If you think pole dancing is just for women, think again. Historically, pole dancing has been linked to women performing in strip clubs. But today, it’s a credible form of exercise that both men and women enjoy. Just like yoga or ballet class, pole fitness has hit the mainstream. Tantra Fitness, a pole dance and fitness studio in Vancouver, BC, had a shaky start ten years ago when it first opened. “It was a very hostile environment,” says Tammy Morris, the company’s founder. “No one wanted to take ‘stripper’ classes.
But now, every person that tries it says the same thing: ‘Wow, what a fabulous workout!’” Tammy has worked hard to educate people and convince them to give it a try. She says that once they take a class they tell others how great it is.
Though Tantra Fitness is 97 percent female and the whole studio is painted pink, that doesn’t stop men from coming in to take a pole fitness class. Five men come regularly, and workshops can see up to 15 men—usually friends or partners of women who are also attending. (The next workshop will be held in May, if you’re interested!) Ricky Pang started pole fitness in 2011 because of a TV show. “There was a male contestant on America’s Got Talent who combined the elements of dance, strength and intense gymnastics all bundled into a pole performance with grace and fluidity,” Ricky says. “Within two weeks I attended my first pole fitness class.”
Ricky is now a pole fitness instructor at Tantra Fitness. Before that, he was an accountant who rarely stepped foot into a gym. “Becoming an instructor to share the fundamentals was just the natural progression,” he says. Pole fitness has even garnered a separate men’s division in the Canadian Pole Fitness Championships. At the nationals in 2013, Ricky competed and placed first.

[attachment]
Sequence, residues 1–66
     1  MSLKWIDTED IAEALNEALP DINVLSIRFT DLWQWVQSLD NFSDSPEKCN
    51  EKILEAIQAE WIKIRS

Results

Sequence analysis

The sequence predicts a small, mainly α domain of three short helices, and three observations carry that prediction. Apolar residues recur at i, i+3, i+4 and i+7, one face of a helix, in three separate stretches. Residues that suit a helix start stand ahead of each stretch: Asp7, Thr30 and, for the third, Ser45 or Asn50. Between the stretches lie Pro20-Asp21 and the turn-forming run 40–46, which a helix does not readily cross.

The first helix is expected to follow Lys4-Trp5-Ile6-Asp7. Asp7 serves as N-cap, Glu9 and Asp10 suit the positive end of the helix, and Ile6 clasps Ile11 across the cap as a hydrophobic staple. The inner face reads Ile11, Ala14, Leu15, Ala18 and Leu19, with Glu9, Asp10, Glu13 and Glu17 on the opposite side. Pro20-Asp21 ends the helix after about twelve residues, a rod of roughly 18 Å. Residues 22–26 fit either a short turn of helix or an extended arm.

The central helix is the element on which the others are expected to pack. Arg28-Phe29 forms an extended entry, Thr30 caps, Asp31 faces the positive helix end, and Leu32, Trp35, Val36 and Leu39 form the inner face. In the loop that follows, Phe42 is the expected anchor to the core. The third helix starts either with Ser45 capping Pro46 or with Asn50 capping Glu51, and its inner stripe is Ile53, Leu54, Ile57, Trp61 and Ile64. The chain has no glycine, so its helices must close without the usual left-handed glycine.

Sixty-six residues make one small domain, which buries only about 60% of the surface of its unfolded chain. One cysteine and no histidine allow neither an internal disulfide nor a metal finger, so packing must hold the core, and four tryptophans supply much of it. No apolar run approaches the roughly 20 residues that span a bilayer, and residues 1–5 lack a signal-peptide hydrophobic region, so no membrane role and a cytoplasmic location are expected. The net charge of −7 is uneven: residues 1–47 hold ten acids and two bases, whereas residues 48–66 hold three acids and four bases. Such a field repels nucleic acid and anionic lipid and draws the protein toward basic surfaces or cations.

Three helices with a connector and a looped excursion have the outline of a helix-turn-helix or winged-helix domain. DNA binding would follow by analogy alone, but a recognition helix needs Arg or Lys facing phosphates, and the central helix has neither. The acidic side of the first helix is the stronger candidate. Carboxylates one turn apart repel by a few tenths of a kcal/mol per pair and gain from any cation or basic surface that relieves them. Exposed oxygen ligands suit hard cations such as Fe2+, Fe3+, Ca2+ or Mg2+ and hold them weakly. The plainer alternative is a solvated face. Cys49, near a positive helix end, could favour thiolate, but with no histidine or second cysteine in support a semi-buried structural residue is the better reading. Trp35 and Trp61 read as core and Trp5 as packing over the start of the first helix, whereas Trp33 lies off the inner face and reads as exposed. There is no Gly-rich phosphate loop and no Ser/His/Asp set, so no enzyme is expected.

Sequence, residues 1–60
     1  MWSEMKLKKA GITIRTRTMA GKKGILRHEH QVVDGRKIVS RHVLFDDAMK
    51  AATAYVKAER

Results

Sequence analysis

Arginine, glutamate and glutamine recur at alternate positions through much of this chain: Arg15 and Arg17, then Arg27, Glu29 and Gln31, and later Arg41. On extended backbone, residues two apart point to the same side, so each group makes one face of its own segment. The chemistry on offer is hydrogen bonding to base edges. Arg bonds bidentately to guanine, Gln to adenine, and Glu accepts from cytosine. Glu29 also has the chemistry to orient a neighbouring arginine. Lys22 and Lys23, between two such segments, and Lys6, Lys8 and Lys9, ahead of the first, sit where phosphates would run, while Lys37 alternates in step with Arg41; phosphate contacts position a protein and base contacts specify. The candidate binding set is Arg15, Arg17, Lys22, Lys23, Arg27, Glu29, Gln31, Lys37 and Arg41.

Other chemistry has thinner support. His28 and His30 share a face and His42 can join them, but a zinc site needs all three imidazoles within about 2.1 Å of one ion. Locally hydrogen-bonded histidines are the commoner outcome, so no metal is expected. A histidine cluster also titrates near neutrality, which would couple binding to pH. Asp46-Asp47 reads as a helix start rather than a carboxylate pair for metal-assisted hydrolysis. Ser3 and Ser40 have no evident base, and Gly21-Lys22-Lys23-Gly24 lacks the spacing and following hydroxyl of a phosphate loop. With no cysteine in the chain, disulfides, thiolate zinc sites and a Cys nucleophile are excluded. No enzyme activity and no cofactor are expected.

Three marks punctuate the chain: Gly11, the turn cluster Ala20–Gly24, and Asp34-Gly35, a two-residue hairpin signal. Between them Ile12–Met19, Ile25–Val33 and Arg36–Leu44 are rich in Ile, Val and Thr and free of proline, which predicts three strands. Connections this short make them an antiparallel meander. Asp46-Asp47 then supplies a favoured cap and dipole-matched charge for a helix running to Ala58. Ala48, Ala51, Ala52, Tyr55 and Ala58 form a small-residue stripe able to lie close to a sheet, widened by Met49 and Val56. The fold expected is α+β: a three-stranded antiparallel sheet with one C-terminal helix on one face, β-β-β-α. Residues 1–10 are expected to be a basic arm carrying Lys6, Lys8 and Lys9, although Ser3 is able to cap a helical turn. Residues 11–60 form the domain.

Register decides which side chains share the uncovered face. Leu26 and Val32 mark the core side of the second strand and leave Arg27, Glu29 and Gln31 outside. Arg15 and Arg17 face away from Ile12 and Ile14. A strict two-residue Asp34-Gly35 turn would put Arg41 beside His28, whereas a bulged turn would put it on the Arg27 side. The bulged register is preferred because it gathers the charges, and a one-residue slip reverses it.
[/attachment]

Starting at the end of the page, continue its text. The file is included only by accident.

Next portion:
Pole fitness is already popular in America, Russia and the UK, but here in Canada, it’s just getting started. There seems to be a slight reluctance from the male population. Perhaps they see it as too feminine or too reminiscent of the strip club. Men, however, with their broad shoulders and small hips, are perfectly built for pole fitness.
Ricky suggests that men should try a class and see what they think. Jude Law did. The British actor once took up pole fitness to train for a role. “There is plenty of content [to choose from], including cardio and strength, that will keep men challenged,” says Ricky. “It may even replace your existing gym membership.” Why not try a class out and see where it takes you!